Energies   2011 , 4 , 2151-2165; doi:10.3390/en4122151 energies ISSN 1996-1073 www.mdpi.com/journal/energies  Article Optimal Design of Cogeneration Systems in Industrial Plants Combined with District Heating/Cooling and Underground Thermal Energy Storage Andrea Reverberi, Adriana Del Borghi and Vincenzo Dovì * Department of Chemical and Process Engineering, University of Genoa, Via Opera Pia 15, Genova 16145, Italy; E-Mails: reverb@dichep.unige.it (A.R.); adry@unige.it (A.D.B.) *  Author to whom correspondence should be addressed; E-Mail: dovi@istic.unige.it; Tel.: +39-010-3532921; Fax: +39-010-3532586.   Received: 2 November 2011; in revised form: 28 November 2011 / Accepted: 2 December 2011 /  Published: 6 December 2011 Abstract: Combined heat and power (CHP) systems in both power stations and large  plants are becoming one of the most important tools for reducing energy requirements and consequently the overall carbon footprint of fundamental industrial activities. While power stations employ topping cycles where the heat rejected from the cycle is supplied to domestic and industrial consumers, the plants that produce surplus heat can utilise  bottoming cycles to generate electrical power. Traditionally the waste heat available at high temperatures was used to generate electrical power, whereas energy at lower temperatures was either released to the environment or used for commercial or domestic heating. However the introduction of new engines, such as the ones using the organic Rankine cycle, capable of employing condensing temperatures very close to the ambient temperature, has made the generation of electrical power at low temperatures also convenient. On the other hand, district heating is becoming more and more significant since it has been extended to include cooling in the warm months and underground storage of thermal energy to cope with variable demand. These developments imply that electric  power generation and district heating/cooling may become alternative and not complementary solutions for waste energy of industrial plants. Therefore the overall energy management requires the introduction of an optimisation algorithm to select the best strategy. In this paper we propose an algorithm for the minimisation of a suitable cost function, for any given variable heat demand from commercial and domestic users, with respect to all independent variables, i.e. , temperatures and flowrates of warm fluid streams OPEN ACCESS   Energies 2011 , 4   2152 leaving the plants and volume and nature of underground storage. The results of the  preliminary process integration analysis based on pinch technology are used in this algorithm to provide bounds on the values of temperatures. Keywords: surplus process heat; cogeneration; district heating/cooling; optimal apportionment 1. Introduction The increasing cost of energy and the continual sharpening of carbon dioxide emission standards in the last decades have urged companies to implement energy saving measures in the design of new industrial processes and when retrofitting existing plants. The most significant savings have been obtained through the energy integration of systems of gradually increasing size. Energy integration inside a process is now a well-established, mature technology, mainly based on exergy methods and pinch analysis. Similarly, energy integration across different processes (the so-called total site integration) has led to considerable advances in the overall efficiency by optimally combining energy needs and availability [1–3]. The inclusion of a bottoming cycle to produce electrical or mechanical shaft power has been part of this integration strategy for some time now, as well as the use of waste heat at lower temperatures for commercial and/or domestic heating. Furthermore, the introduction of new engines, such as the ones using the organic Rankine cycle, capable of employing condensing temperatures very close to the ambient temperature, has made the generation of electrical power at low temperatures also convenient [4]. However, this may enter into conflict with the use of lower temperature energy for district heating, which is becoming more and more significant since it has been extended to include cooling in the warm months and underground storage of thermal energy to cope with variable demand. Thus, district heating/cooling has become a key issue in territorial energy planning. Large power stations have had a  pioneering role in the past and are still at the forefront of this area. However, market pressure and the need to comply with more and more stringent directives and guidelines have encouraged mid to large industrial plants, as well as farming enterprises, to consider integration with the surrounding territory. Regional energy integration which includes the optimal integration of industrial, agricultural, municipal and domestic energy sources and demands over a limited area, is presently in an advanced stage of development. Feasibility analyses are routinely carried out and actual implementations have  been made wherever a general agreement has been reached among all the stakeholders involved. The presence of alternative options (electrical power or heat available for territorial energy  planning) requires the introduction of suitable optimisation algorithms to select the optimal strategy. In this article we examine the options available to both managers and design engineers of industrial plants for the selection of the optimal energy management when territorial integration is taken into account. To this purpose we present an optimisation algorithm that considers possible scenarios and the constraints they are subject to for the attainment of technically sound and financially feasible solutions.    Energies 2011 , 4   21532. Results and Discussion 2.1. Energy Sources in Industrial Plants Potential heat sources are all the streams of the process considered that must be cooled. The heat removed from these streams is first used, whenever possible, inside the process to heat other streams which undergo a phase change or whose temperature has to be increased. This heat transfer is obviously limited by the condition that the temperatures of the streams losing energy be greater than the temperatures of the streams to which the energy is transferred. A powerful implementation of this fundamental principle in process engineering is the well known and widely applied pinch technology [5]. The overall heat requirement is first calculated by  plotting the thermal loads of the cold streams on a single graph (cold composite curve) in a temperature—enthalpy plane. If the specific heats remain constant in the temperature range of each stream, the resulting graph is a piecewise linear function with a slope equal to the inverse of the heat capacity of each stream or of a combination of them if temperature ranges overlap. Similarly, the thermal loads of the hot streams ( i.e. , the streams that must be cooled) can be plotted in a similar graph to  provide the hot composite curve. The optimal heat integration can be identified by letting the minimum temperature difference between the curves be equal to a suitably pre-determined ∆ T   (Figure 1). Figure 1. Hot and cold composite curves of a generic process. The corresponding temperature is called pinch temperature and the fundamental law of pinch technology is the requirement that no heat transfer take place across the pinch. Any such transfer would increase by the same amount both the overall heating and cooling requirement of the process. The grand composite curve can be constructed by plotting enthalpy differences between the composite curves at each temperature (Figure 2). The pinch point lies now on the temperature axis and temperature intervals in which hot streams lie above cold streams can be used for the heat integration of the process. The overall minimum thermal requirement and the minimum required amount of cooling water of the process can now be easily identified as the abscissas of the curve at maximum and minimum temperatures.   Energies 2011 , 4   2154Figure 2. Grand composite curve of a generic process. In addition to providing this information, the grand composite curve is a powerful tool that experienced process designers can take advantage of to optimally modify the configuration of the  plant. For instance, in Figure 3 optimal process integration makes it possible to use only low pressure steam, whereas the heat necessary at higher temperatures is provided by internal energy transfer. Figure 3. Process integration makes it possible to use low pressure steam only. Similarly in Figure 4 only part of the heat is provided by high pressure steam. By considering heat requirements at different temperatures the energy transfer is optimally split between the two steam lines. In Figure 5 the use of internal energy transfer and the recovery of the enthalpy content of flue gases makes it possible to dispense with external energy sources. Indeed the flue gas temperature vs.   Energies 2011 , 4   2155 enthalpy curve (which is a straight line if the specific heat is approximately constant) lies entirely above the grand composite curve of the process and consequently it can supply all the necessary amount of heat. Figure 4.  Reduced use of high pressure steam. Figure 5. Recovery of flue gas enthalpy content. Sometimes external work may be a convenient way to raise the temperature at which heat is available. This is often the case when large amounts of heat are available just below the pinch temperature and corresponding amounts of energy are required at temperatures slightly superior to the  pinch temperature (Figure 6). In these cases the cost of using the work of heat pumps can be less (and sometimes much less) than the cost of the amount of heat saved. Obviously the use of available energy inside the process through heat integration has a higher priority than exporting energy outside of it.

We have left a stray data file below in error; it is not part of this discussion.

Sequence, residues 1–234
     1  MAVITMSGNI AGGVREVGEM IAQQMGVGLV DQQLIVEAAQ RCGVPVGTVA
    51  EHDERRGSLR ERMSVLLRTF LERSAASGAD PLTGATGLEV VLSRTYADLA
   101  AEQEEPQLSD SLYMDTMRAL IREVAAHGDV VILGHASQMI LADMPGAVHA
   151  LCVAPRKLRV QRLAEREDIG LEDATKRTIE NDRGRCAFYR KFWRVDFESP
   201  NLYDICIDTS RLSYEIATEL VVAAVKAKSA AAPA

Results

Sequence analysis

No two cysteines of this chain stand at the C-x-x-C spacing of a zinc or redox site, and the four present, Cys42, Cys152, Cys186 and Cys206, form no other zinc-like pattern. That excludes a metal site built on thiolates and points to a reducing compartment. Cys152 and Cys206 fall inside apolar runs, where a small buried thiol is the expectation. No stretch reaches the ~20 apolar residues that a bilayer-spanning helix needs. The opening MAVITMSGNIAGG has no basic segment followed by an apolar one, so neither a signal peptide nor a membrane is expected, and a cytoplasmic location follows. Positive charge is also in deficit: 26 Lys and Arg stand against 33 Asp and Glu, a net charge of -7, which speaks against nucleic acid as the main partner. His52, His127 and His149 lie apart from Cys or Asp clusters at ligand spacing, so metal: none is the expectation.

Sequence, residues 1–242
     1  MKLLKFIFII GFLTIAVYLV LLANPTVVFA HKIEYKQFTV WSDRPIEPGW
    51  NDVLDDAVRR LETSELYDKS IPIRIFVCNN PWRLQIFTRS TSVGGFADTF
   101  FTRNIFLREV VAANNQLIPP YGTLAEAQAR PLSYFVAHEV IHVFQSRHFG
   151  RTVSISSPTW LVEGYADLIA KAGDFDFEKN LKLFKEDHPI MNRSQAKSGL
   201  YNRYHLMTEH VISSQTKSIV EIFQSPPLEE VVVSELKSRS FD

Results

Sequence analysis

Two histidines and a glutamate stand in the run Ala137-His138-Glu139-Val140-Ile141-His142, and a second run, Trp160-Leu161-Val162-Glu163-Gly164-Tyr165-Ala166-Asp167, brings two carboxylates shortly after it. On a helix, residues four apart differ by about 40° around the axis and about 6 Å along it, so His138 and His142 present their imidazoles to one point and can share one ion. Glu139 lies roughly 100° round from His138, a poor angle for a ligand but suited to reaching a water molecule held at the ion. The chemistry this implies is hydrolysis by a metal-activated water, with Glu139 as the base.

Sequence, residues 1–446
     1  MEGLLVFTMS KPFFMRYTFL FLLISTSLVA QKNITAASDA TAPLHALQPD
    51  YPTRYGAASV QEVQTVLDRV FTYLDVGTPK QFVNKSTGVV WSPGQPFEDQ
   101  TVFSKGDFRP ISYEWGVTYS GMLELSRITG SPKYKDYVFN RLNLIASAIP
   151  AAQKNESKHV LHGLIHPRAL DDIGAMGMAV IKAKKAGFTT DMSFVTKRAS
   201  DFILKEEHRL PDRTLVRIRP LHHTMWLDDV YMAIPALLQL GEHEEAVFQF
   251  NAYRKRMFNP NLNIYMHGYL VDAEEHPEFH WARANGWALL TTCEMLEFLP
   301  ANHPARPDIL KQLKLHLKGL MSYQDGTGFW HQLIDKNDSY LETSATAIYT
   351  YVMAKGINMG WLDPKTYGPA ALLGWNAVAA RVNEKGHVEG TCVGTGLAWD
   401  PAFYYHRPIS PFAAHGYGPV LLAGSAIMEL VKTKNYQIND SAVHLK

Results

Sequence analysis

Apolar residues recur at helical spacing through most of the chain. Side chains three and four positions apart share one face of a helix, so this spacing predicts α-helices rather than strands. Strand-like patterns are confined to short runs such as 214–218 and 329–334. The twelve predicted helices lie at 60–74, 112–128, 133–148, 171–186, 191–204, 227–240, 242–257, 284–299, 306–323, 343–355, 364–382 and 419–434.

Search
Related Search
We Need Your Support
Thank you for visiting our website and your interest in our free products and services. We are nonprofit website to share and download documents. To the running of this website, we need your help to support us.

Thanks to everyone for your continued support.

No, Thanks
SAVE OUR EARTH

We need your sign to support Project to invent "SMART AND CONTROLLABLE REFLECTIVE BALLOONS" to cover the Sun and Save Our Earth.

More details...

Sign Now!

We are very appreciated for your Prompt Action!

x